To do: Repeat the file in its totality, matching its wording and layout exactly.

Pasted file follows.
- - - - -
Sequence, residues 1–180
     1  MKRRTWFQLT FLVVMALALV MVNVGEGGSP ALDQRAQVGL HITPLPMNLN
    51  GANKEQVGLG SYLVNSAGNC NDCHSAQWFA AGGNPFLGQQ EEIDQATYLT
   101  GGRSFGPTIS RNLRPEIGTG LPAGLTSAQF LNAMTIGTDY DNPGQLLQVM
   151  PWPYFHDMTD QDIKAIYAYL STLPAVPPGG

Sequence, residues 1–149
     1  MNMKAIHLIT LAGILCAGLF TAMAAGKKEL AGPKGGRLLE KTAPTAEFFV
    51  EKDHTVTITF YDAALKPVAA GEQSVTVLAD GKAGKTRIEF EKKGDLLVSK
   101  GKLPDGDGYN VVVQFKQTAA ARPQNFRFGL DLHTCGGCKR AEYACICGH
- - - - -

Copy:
Sequence, residues 1–180
     1  MKRRTWFQLT FLVVMALALV MVNVGEGGSP ALDQRAQVGL HITPLPMNLN
    51  GANKEQVGLG SYLVNSAGNC NDCHSAQWFA AGGNPFLGQQ EEIDQATYLT
   101  GGRSFGPTIS RNLRPEIGTG LPAGLTSAQF LNAMTIGTDY DNPGQLLQVM
   151  PWPYFHDMTD QDIKAIYAYL STLPAVPPGG

Sequence, residues 1–149
     1  MNMKAIHLIT LAGILCAGLF TAMAAGKKEL AGPKGGRLLE KTAPTAEFFV
    51  EKDHTVTITF YDAALKPVAA GEQSVTVLAD GKAGKTRIEF EKKGDLLVSK
   101  GKLPDGDGYN VVVQFKQTAA ARPQNFRFGL DLHTCGGCKR AEYACICGH